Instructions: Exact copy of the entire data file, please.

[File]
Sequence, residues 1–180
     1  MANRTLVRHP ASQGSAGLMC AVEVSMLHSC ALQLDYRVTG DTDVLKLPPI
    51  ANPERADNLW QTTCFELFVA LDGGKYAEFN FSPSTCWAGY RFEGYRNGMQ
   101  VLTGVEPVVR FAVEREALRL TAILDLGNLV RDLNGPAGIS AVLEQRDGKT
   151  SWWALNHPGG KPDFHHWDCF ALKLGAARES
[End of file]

Sequence, residues 1–180
     1  MANRTLVRHP ASQGSAGLMC AVEVSMLHSC ALQLDYRVTG DTDVLKLPPI
    51  ANPERADNLW QTTCFELFVA LDGGKYAEFN FSPSTCWAGY RFEGYRNGMQ
   101  VLTGVEPVVR FAVEREALRL TAILDLGNLV RDLNGPAGIS AVLEQRDGKT
   151  SWWALNHPGG KPDFHHWDCF ALKLGAARES